Psychology ETDs

Publication Date

Spring 2-22-2023


American Indian (AI) communities endorse high rates of abstinence from alcohol and substance use, yet experience disparate rates of alcohol and substance-related consequences. Alcohol and substance use is conceptualized as interwoven with unique AI contextual factors, which are often not incorporated into examination of related constructs. Current knowledge gaps exist in study of precision medicine approaches to treatment for reward and relief drinking in AI. This study aimed to understand reward and relief substance use phenotypes in AI. We described a contextually-informed model of relief assessment and to compare this assessment to the original reward and relief models using latent profile analysis. We expected 4 profile solutions to be best fit to the data for both models, and that the contextually-informed would be better than the original at distinguishing profiles. Our sample consisted of n=79 AI people seeking treatment at an outpatient Southwest Tribal SUD treatment facility. Our results indicated that a two-profile solution best fit the data for both the original (LMR (p)=0.195, entropy=0.884) and CI models (LMR (p)=0.003, entropy=0.908), and in contrast to our hypotheses both models fit approximately equally well. Due to theoretical fit, the culturally informed model was selected. We conducted a Monte Carlo simulation study to examine the effects of our small sample size on our profile solutions, which indicated that a four-profile solution that more closely resembled hypothesized phenotypes may have been best fit to the data had the sample size approached 1,000. These findings indicate that in AI people, incorporating context improves understanding of these constructs, and might help inform precision medicine approaches to behavioral and medication treatments for alcohol use disorder.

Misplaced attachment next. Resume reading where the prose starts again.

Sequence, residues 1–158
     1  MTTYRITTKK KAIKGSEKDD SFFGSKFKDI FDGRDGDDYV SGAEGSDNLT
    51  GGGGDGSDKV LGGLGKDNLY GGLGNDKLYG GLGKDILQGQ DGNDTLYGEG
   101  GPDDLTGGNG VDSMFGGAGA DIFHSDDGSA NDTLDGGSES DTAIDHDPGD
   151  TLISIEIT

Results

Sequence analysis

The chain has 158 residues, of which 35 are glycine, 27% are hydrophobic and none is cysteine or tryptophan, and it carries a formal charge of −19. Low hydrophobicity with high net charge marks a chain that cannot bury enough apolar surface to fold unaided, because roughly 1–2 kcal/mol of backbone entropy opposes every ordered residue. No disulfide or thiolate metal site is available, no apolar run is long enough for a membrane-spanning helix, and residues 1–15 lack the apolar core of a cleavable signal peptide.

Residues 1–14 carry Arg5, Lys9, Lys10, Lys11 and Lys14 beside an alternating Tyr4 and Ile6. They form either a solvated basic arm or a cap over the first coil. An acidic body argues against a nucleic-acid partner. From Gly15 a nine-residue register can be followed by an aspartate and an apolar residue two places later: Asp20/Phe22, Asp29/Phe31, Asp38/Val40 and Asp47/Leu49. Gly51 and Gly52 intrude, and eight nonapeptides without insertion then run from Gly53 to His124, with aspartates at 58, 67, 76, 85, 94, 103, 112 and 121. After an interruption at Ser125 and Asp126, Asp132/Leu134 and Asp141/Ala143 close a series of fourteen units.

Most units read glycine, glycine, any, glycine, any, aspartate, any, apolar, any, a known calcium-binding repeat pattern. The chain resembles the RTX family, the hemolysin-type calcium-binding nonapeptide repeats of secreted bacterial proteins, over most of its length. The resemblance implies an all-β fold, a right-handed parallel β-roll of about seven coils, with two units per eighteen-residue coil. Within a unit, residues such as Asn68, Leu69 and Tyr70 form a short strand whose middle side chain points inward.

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First Committee Member (Chair)

Kamilla Venner, Ph.D.

Second Committee Member

Katie Witkiewitz, Ph.D.

Third Committee Member

Margo Hurlocker, Ph.D.




alcohol use disorder, substance use disorder, American Indian, reward drinking, relief drinking

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